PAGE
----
Step 4: For each unsubscribed sub-stream q ∈ Pi, peer i seeks a peer j ∈ Ui such that Ci[q] is the cheapest among all peers in Ui and  is not the dominant sub-stream of j. Then, peer i buys q from j by paying money (Way-2). A draw in prices is resolved by the hop-count delay. Peer i looks for the cheapest price to save the money to get more children in its dominant sub-stream q*.

Step 5: At this point, the budget of peer i is exhausted. Thus in order to subscribe to a new sub-stream in Pi, i needs to use the free capacity of other peers in Ui (Way-1). Recall that the use of the free capacity of peer j does not decrease the balance of i, but it decreases the balance of j because it reduces the amount of free capacity of j. If there is no peer with an available free capacity in Ui, as a last resort, peer i asks peers in the free set until Pi becomes empty (the way of maintaining the free set is described in subsection 3.5).

Step 6 (Post Processing): If m(i) > 0 and Ui*≠ø  at this point, peer i tries to collect as many children for sub-stream q* as possible from peers in Ui* . We need to notice that this is a special case of the swap process (Way-3) so that no new subscription occurs, and is conducted only once.


In the following, we describe the initialization of the system by the proposed algorithm using a simple example. In the example, all peers have a uniform upload capacity of four, i.e., Uj = 4 for each, and the given video stream is divided into four sub-streams of unit bit rate (s=1), i.e., r=4  and N=4. Peer i, with an upload capacity ui=4, wants to join the system. The budget of peer i is determined as m(i):=ui /s = 4 and the set of neighbours is given as Ui={a,b,c,d}. Given a collection of trees Τ shown in Figure 2(A), price vectors are calculated as shown on top of the figure. From such vectors, we notice that: 1) peers  and  are saturated in the fourth and the third trees, respectively, and 2) peers  and  have the second sub-stream as a dominant one.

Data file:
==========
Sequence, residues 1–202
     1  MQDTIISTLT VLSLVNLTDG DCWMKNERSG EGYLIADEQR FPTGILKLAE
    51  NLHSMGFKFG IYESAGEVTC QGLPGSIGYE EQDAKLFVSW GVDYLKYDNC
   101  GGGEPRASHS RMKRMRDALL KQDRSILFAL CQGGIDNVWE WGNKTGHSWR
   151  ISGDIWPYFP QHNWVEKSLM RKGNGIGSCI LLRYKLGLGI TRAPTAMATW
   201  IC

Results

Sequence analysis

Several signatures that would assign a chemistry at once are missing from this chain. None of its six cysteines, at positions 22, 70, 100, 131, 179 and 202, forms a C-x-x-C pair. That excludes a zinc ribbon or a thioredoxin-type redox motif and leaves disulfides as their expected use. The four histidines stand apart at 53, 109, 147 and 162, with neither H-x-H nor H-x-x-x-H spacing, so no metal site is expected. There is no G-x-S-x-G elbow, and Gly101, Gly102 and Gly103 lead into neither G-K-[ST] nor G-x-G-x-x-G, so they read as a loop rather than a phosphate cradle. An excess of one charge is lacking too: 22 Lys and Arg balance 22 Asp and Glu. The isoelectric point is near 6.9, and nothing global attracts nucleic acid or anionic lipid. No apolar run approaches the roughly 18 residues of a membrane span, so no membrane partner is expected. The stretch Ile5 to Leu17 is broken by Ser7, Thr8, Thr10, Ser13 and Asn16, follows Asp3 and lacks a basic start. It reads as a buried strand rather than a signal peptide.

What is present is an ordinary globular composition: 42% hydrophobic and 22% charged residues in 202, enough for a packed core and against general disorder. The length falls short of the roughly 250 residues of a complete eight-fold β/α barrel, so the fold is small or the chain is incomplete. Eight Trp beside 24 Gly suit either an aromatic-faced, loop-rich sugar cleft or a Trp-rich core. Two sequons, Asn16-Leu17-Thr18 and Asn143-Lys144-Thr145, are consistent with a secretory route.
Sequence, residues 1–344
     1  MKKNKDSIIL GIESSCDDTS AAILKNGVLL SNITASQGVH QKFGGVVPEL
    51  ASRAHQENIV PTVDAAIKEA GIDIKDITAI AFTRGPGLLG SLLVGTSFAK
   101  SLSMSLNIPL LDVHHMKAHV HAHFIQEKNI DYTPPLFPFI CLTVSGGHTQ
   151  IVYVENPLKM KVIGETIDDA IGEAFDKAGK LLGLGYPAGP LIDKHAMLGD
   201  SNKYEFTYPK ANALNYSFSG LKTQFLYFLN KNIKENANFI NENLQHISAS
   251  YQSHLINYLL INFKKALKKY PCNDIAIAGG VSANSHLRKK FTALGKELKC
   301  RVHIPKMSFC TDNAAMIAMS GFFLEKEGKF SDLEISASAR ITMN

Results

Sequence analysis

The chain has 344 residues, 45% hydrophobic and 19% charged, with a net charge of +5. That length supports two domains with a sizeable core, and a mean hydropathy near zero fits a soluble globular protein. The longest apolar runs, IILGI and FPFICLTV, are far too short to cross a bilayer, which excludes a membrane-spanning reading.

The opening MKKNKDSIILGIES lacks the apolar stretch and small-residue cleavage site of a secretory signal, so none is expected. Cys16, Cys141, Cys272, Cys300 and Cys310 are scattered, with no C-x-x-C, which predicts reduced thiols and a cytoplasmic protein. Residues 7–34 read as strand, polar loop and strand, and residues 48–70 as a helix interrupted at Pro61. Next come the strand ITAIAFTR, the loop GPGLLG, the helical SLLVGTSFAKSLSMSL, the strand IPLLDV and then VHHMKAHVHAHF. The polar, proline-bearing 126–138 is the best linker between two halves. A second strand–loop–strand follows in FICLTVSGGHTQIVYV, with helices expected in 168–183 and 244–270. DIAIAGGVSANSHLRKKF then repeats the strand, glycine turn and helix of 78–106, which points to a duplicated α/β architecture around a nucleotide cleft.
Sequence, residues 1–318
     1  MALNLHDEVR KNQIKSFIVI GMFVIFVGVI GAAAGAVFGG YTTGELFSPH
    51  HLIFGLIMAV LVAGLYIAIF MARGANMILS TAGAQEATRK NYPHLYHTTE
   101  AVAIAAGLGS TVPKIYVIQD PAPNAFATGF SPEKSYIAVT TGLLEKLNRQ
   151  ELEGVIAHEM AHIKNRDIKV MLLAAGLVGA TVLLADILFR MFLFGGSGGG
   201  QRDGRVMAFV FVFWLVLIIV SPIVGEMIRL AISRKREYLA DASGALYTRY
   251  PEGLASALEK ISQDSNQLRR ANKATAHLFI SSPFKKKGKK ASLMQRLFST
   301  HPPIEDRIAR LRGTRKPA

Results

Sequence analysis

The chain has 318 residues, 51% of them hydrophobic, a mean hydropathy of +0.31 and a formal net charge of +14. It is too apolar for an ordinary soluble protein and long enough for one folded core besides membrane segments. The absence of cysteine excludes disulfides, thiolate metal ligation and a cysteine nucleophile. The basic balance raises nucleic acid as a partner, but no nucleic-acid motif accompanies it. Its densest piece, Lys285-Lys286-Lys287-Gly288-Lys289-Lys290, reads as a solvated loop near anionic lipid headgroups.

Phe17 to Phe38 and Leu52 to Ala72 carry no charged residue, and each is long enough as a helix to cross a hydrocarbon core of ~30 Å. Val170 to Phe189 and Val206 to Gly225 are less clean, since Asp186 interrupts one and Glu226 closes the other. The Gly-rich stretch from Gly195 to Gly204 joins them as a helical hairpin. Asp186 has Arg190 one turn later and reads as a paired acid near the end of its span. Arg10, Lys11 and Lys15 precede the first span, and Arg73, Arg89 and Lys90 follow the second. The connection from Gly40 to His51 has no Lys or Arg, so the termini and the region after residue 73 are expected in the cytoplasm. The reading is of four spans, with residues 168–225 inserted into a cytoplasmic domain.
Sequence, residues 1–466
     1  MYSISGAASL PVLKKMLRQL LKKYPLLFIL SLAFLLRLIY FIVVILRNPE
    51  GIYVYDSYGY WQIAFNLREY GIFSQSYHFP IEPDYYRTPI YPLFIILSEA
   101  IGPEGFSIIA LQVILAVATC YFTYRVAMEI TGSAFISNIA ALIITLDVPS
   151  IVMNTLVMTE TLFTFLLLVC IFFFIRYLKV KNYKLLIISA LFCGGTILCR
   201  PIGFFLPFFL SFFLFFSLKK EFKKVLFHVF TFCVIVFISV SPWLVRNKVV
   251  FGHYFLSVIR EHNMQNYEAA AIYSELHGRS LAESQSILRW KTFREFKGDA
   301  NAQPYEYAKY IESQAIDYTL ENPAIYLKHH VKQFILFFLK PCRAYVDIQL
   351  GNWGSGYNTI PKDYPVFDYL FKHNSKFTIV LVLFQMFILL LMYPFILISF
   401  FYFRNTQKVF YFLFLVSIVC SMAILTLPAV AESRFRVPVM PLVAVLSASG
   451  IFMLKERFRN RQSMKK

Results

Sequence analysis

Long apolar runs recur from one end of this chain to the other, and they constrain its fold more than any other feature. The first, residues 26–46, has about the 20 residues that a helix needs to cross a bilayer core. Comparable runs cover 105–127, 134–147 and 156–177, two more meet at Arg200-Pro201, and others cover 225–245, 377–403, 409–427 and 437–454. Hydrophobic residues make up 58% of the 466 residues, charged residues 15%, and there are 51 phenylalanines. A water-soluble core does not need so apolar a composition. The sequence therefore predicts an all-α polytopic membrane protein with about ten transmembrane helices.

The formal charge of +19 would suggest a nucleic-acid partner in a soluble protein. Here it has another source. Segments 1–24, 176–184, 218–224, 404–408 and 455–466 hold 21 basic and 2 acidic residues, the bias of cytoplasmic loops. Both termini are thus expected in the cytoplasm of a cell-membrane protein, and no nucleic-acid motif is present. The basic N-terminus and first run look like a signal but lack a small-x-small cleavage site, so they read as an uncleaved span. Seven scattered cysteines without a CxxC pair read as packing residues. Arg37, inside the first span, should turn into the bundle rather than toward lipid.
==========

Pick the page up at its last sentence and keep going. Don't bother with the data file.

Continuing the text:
From the Figure 2(A), we notice that the first sub-stream is not dominant for both peers a and d with a price equals to two. Thus, peer i selects the first sub-stream as q* along with peers a and d be the members of Ui*. According to step 1, Figure 2(B), peer i buys q*from the peer a (∈ Ui*) by paying two units of money. That means peer i will replace peer a in the first tree and adopt both peer a and his child. Then, peer a has got a free capacity by receiving money from peer i. That allows peer a to adopt peer i in the second tree corresponding to the dominant sub-stream of peer a.

In Figure 2(C), representing step 2, peer i asked peer  to

swap its child in first tree. However, it could not subscribe to the dominant sub-stream of peer d, which is the second tree, as it is already subscribed to. Note that by this action the balance of peer i is reduced by one and peer d has got a free capacity. At this point, as peer d is the only peer that has a free capacity and its dominant sub-stream is not required by peer i, the step 3 will have no effect on the overlay.